Since I stopped working to stay at home, my days have been a lot like thousands, millions of other women’s days. Sometimes – more often than not – they are painfully slow; and occasionally they fly by so fast I don’t know where I’m at or why I’m still in my pyjamas.
Sadie won’t sleep; I could fall down with tiredness. Sadie won’t have a bath; I’d give anything to be able to shave my legs and soak. Sadie wets the bed and poos her pants; any squeamishness I started out with is long gone. She won’t go to day care; I ache for some time to myself. She cries when I leave the room; I cry at night.
I can never leave her alone. It takes us ages to get out of the house. If I tell her something once, I tell her a thousand times. If I ask her a question the answer will be ‘no’ or, sometimes, infuriatingly, ‘whatever’.
If I entrust Sadie with her bus ticket, sun hat, a few coins …. they disappear. Yet bits and pieces, odds and ends, all sorts of random things, accumulate. She’s like a bowerbird; to her, trash is treasure.
I’m so frustrated, tired, and bored at times I could scream. But I never get angry. Well, hardly ever.
Sadie isn’t my toddler. She’s not my daughter. She isn’t even a child.
Sadie is my mother and she has Alzheimer’s Disease.
Julianne Moore’s character in Still Alice develops Alzheimer’s. Watch the trailer below, post continues after video.
I left my job and moved in to her place to care for her about three years ago. Caring for her is like raising a child, I guess. Sometimes she melts my heart. Sometimes she breaks it. Sometimes she says the funniest things. Every day is a challenge. Every day, we laugh.
Unlike raising a child, I don’t get to see her grow and develop and change and learn and try and fail and try again. I see her deteriorate.
These have easily been the worst three years of my life, but I’m not complaining. Honest. It was my choice and I’m glad I did it. One day, I’m going to look back with great fondness at the times I spent mothering my mother.
I’m terrified of Alzheimer’s. Worried I might get it and scared for my mother and what she is going through. Imagine that everything you know to be true about yourself and the world starts to fade until there’s nothing that makes sense. Nothing is familiar, everyone is suspicious and the world is a confusing, scary place.
I think I’ve got her through the worst of it. For a long time she pulled it off; what was happening in her head was well hidden, though of course she knew something was wrong. She dismissed it as age-related memory loss and started to write herself notes about anything and everything so she wouldn’t forget. Yet Alzheimer’s isn’t just about memory loss and it isn’t age-related, either. It can affect all of a person’s cognitive functioning and impact on every single aspect of their life.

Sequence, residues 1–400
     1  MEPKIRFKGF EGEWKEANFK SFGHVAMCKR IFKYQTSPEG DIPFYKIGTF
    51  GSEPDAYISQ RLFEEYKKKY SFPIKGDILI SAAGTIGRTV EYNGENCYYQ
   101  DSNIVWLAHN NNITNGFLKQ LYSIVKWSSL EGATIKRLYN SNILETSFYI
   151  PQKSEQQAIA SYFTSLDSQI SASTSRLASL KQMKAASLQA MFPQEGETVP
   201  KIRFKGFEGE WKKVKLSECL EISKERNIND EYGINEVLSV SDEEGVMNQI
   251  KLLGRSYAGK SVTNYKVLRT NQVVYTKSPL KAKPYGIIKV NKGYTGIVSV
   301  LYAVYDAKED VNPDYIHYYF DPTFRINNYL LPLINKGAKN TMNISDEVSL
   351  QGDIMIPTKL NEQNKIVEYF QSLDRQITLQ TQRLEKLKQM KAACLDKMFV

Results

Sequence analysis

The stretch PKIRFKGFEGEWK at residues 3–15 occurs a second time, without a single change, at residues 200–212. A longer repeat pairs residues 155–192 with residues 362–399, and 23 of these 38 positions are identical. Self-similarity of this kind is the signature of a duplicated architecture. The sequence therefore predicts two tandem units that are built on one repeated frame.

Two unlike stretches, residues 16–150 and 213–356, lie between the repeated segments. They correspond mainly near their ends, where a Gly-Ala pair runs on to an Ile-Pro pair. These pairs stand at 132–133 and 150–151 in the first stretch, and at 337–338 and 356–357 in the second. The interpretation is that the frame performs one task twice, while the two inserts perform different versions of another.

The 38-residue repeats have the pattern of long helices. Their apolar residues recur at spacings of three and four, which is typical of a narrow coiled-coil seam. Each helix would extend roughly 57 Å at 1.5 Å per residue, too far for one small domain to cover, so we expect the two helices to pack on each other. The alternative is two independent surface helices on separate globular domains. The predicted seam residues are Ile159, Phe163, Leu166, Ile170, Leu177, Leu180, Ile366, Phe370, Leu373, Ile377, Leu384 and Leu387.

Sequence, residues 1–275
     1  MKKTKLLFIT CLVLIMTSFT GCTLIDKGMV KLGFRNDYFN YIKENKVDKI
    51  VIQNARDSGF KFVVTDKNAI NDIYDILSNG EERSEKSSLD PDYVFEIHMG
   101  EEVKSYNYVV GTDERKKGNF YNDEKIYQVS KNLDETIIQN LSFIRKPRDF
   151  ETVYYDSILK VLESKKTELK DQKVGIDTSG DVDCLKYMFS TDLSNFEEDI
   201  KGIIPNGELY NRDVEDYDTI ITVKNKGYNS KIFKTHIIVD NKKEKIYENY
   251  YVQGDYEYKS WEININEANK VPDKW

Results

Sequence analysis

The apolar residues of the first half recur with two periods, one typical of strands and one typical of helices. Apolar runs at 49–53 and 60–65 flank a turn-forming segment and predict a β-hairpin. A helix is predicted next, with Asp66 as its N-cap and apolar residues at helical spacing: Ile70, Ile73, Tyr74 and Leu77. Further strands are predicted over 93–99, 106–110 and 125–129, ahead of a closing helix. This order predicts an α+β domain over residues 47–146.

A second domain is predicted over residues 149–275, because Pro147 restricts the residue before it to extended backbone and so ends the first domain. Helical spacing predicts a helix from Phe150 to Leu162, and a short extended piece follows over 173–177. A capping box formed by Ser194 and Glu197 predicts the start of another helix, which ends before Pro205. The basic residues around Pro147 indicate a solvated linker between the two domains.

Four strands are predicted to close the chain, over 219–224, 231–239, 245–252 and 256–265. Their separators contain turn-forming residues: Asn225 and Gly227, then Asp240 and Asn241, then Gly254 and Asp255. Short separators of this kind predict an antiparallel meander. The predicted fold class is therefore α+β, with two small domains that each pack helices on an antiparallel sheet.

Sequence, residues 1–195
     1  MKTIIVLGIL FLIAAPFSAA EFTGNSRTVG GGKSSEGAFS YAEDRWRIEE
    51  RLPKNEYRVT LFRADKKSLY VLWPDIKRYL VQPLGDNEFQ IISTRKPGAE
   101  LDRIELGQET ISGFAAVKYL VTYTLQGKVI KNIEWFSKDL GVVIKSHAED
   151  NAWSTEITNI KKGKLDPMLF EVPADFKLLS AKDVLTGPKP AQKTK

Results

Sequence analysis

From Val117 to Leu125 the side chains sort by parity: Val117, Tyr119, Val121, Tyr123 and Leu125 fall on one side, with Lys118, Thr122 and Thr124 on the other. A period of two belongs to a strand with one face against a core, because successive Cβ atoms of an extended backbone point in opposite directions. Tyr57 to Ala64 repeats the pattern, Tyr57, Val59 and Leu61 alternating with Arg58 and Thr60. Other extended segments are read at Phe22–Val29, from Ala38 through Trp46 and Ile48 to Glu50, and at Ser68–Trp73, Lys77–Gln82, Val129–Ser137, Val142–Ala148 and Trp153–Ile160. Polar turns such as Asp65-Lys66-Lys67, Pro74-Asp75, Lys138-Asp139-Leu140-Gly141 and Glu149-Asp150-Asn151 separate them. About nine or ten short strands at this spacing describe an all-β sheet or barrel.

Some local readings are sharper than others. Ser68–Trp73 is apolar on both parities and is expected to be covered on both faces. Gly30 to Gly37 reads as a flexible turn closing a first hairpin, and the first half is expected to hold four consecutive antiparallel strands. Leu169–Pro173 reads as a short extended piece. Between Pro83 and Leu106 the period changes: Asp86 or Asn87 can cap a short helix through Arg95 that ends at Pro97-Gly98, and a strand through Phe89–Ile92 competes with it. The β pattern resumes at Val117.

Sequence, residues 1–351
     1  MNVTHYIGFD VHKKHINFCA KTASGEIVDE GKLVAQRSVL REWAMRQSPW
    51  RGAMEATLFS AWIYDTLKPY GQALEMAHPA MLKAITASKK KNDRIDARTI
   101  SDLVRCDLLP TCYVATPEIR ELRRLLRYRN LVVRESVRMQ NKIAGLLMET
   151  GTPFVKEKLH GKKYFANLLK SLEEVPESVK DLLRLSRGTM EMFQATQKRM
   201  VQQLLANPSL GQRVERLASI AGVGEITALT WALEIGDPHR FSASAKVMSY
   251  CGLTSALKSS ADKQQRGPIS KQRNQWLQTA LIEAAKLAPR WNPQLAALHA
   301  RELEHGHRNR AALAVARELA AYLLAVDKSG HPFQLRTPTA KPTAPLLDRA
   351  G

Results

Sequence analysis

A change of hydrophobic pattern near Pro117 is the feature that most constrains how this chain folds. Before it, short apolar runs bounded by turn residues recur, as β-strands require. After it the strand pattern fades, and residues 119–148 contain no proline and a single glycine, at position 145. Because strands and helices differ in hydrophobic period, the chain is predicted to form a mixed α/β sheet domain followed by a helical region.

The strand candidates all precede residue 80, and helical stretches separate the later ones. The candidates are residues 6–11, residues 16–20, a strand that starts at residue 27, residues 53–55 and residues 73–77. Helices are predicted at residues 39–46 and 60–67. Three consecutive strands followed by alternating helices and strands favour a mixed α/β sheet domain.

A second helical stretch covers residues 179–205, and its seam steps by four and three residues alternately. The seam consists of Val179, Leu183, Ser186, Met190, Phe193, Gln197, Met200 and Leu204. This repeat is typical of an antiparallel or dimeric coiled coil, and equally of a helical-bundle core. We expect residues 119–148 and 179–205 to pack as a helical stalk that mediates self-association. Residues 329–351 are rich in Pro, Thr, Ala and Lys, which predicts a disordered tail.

Things were really slipping when I moved in. I became her anchor. As long as Vanessa was there, it was okay. On a bad day, she’ll forget who I am and ask me where Vanessa is.
I’m not the best carer in the world and there’re probably a million things I could have done better. I’ve been winging it, playing it by ear.
It took her a while to settle when I moved in, of course. She didn’t trust me. Thought I was after her money – ironically, given these three years have ruined me financially.
Now we’re inseparable. Our days are filled with fun … places, faces, pets, flowers, music on the radio … the good things. The simple things. I’m so used to putting her needs first that when I do get a break, I don’t know what to do.
I do know the time has almost come for her to move into a care facility – one that specialises in caring for people with dementia. I’m mentally and physically exhausted. I have nothing left to give and she needs more than just me. The move won’t be the end of the journey for either of us; it will be the start of a new phase.
It feels like the worst thing in the world, giving up like this. It took ages to make the decision. The whole year, if I’m honest.
Before the move, I’m taking Sadie on a road trip. We are both at our most relaxed in the car and for the past three years, we’ve been out and about just about every day. Sadie rarely even asks where we are going.
We did a test run in September, driving from Sydney to Byron Bay and back in a camper van. Everyone warned me that Sadie would get confused. A dear friend told me when her father took her mother, who had dementia, away caravanning, she thought she was being kidnapped and refused to sit in the front seat with her husband, the abductor, who she’d done countless road trip holidays with over the years.
I thought Sadie would ease into it and be fine, and she was. She gets lost at home, and I figured she couldn’t get lost in a motorhome.
The whole thing was funded by the generosity of friends and strangers. Through a crowdsourcing site we raised more than $3,000, which allowed us to go on the test run. My initial plan was fundraise money to travel right around Australia, putting off the agony of moving Sadie into care. But her needs are changing, and I’m as burnt out as can be. Moreover, fundraising is a full-time job and caring is even more of a full-time job. I was being way too ambitious.
Instead, I’m hoping we can take off to the Great Ocean Road in Victoria. Sadie will love it. I think it will be fun for me too.
We still need to raise about $4000 to pay for the trip, which I’ve dubbed “Driving Miss Sadie”. I’d really like to go this month, before the temperatures, crowds and prices peak over summer. And before Sadie’s needs become too complex for the trip to be possible.
Please help us get this show on the road, if you can, and follow us on this new phase of our journey together.
You can donate to Driving Miss Sadie here.